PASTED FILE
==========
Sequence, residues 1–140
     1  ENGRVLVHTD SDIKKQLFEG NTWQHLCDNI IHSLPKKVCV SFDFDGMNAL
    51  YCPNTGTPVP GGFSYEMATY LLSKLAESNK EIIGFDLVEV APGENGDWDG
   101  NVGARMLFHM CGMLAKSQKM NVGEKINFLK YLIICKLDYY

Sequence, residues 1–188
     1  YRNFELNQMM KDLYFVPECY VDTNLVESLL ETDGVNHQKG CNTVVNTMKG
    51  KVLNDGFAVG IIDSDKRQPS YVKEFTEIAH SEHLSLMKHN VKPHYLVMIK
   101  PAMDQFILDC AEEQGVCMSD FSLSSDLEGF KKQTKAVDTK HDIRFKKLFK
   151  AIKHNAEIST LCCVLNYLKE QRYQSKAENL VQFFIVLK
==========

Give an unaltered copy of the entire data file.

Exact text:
Sequence, residues 1–140
     1  ENGRVLVHTD SDIKKQLFEG NTWQHLCDNI IHSLPKKVCV SFDFDGMNAL
    51  YCPNTGTPVP GGFSYEMATY LLSKLAESNK EIIGFDLVEV APGENGDWDG
   101  NVGARMLFHM CGMLAKSQKM NVGEKINFLK YLIICKLDYY

Sequence, residues 1–188
     1  YRNFELNQMM KDLYFVPECY VDTNLVESLL ETDGVNHQKG CNTVVNTMKG
    51  KVLNDGFAVG IIDSDKRQPS YVKEFTEIAH SEHLSLMKHN VKPHYLVMIK
   101  PAMDQFILDC AEEQGVCMSD FSLSSDLEGF KKQTKAVDTK HDIRFKKLFK
   151  AIKHNAEIST LCCVLNYLKE QRYQSKAENL VQFFIVLK